dinengdeng, glorious dinengdeng!

I'm a typical Ilokano who can't live without dinengdeng, come share my passion...

various authentic, exotic, ilokano pinakbets

Concoction or variations of this kind of exotic Ilokano dish, of this ever ubiquitous vegetable stew...

sinanglaw? paksiw? which?

What do you prefer, Vigan-sinanglaw or Laoag-paksiw? What about pinapaitan and singkutsar?

unnok/ginukan, freshwater shellfish

Want some unnok soup or ginukan bugguong?

baradibud a tugi, lesser yam vegetable stew

Tugi, for some, is only meant to be boiled and eaten simply as is. But for me, it's an indispensable ingredient for yet another hearty Ilokano dish...


dinengdeng nga uong, papait, kabatiti, patani, nasagpawan iti kaluit (kumukusay)

This particular dinengdeng might somewhat be a weird for some, but this is it, I've done it, just so to prove/show the versatility of the dinengdeng or an Ilokano way of preparing and presenting and designing available vegetables and pair or combine it with almost everything edible, palatable, tasty, easy.

And here's a dinengdeng with a shellfish called kaluit or kalwit (also called sikadsikad, maninikad, aninikad, kumukusay). This is the plicate conch (scientific name: Strombus labiatus) which is abundant along reef coastlines. Its shell is kind of hard and its "meat" wedged deep spirally inside its whorl and spire you have to use a "pick" like that of a pomelo thorn to gouge it out. Some just resort to cracking the shell and simply gather the meat and cook it in a savory soup. But like agurong, suso, leddeg, bisukol, picking/extracting out (sultop or tudok) the meat is a thing to enjoy. Cooking this shellfish is simply boiling it with the usual tomatoes, ginger, onions, lemon grass like that of the usual freshwater clams and mollusk.

But here, it graced my dinengdeng of uong (those are straw mushroom buttons), papait, patani, and kabatiti (what an unusual bunch!):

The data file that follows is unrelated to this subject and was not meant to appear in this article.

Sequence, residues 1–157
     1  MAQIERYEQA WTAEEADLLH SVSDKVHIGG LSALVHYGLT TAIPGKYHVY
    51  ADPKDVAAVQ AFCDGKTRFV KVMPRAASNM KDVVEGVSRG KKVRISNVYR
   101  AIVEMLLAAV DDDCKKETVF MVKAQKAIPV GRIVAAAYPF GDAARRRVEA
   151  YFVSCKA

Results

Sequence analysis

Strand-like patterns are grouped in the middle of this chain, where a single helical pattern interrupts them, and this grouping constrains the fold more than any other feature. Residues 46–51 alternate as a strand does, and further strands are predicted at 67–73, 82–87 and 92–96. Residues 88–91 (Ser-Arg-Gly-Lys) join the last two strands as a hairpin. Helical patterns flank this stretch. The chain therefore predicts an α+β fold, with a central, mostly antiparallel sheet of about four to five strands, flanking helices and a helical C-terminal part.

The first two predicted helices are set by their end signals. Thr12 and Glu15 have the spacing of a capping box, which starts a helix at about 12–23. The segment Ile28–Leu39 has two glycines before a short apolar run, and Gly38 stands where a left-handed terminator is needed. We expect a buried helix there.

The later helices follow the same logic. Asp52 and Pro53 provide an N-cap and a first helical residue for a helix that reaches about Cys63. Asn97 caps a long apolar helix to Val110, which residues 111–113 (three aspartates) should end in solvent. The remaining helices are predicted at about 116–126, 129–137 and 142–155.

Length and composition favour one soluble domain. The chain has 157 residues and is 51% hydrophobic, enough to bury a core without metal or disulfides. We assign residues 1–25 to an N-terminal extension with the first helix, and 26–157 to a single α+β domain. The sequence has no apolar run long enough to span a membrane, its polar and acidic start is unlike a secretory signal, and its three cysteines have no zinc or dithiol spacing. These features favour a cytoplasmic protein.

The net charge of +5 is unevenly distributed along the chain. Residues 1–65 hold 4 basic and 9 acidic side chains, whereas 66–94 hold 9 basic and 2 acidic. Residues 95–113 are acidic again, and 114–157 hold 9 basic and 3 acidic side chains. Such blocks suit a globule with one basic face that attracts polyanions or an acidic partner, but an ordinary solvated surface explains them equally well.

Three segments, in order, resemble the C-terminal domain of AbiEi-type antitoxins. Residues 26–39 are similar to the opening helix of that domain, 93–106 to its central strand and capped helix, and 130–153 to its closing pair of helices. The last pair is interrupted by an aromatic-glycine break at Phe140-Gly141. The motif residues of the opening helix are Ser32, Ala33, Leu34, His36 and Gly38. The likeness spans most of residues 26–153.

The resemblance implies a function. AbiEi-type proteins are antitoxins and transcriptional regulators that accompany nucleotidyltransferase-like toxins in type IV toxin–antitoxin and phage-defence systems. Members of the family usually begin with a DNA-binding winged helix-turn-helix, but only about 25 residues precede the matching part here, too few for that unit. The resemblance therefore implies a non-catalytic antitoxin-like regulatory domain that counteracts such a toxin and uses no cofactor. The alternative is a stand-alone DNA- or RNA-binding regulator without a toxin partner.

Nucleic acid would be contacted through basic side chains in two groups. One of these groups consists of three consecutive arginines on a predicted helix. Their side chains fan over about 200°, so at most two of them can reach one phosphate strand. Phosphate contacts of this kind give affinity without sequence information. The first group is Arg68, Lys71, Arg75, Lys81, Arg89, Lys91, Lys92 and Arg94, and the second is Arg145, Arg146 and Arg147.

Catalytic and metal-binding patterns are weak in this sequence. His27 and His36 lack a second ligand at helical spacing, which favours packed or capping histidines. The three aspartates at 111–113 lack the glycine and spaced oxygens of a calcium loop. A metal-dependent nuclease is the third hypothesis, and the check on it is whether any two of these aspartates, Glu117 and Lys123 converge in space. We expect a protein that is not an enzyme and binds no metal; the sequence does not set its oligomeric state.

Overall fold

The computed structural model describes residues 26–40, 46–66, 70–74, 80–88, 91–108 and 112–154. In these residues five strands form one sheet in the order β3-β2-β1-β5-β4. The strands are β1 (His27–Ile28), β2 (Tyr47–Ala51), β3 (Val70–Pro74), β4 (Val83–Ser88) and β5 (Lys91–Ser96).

What a mix! The broth is so tasty, it brings forth the aroma of the sea, the reefs, the seaweeds, and the dinengdeng is heavenly, as it were, as  the kaluit essence is enhanced by the umami of the straw mushroom, the sweetness of the kabatiti, the starchiness of the patani, and the inevitable bittersweetness of the papait.

My rice, please!


More dinengdengs:

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pinakbet a nakaparparia

What makes an Ilokano pinakbet or a pinakbet preferred by Ilokanos is that it is ,and it should be with, and not just with, but full of, paria or bitter melon. Because the Ilokano is known by its food preference for pait or bitterness, the more a pinakbet has paria, the more it is a sumptuous and delightful feast of bitterness and saltiness (of the preferred condiment bugguong--salt-fermented fish and not shrimps, of course!).

I always like my pinakbet to be nakaparparia, nakapapait, full of this beloved Ilokano veggie fruit--the native and wild variety is a must, too, for more bitterness to be rendered, endured, and enjoyed.

This is my recent pinakbet a nakaparparia, as a proof of pinakbet concept and life, the patneng nga Ilokano way:

And here are the ingredients from which I designed this perfect, well, almost, vanity pinakbet:

These are freshly picked/harvested bitter goodies from my container garden. Ilocos species of a paria kind, not the native one, though, but a hybrid of sort.

Some of the obligatory and faithful paria company for a pinakbet: kamatis, tarong, okra, and utong. Sili is not available at the time. And of course no karabasa here ever as it's a no-no for an Ilokano pinakbet to have a karabasa (only Tagalog 'pakbet' variations, with an awkward shrimp paste, has it)

This is it, once again, the by-product:

And this here is my own labay, pardon my gluttony, but this is pinakbet with lots of paria, so, let me just indulge:

And pardon, this is me not bragging about an Ilokano gourmet food but me inviting you to "mangantayon, apo, pagan-anusan ti adda!" let's eat, folks!


More, about pinakbet:

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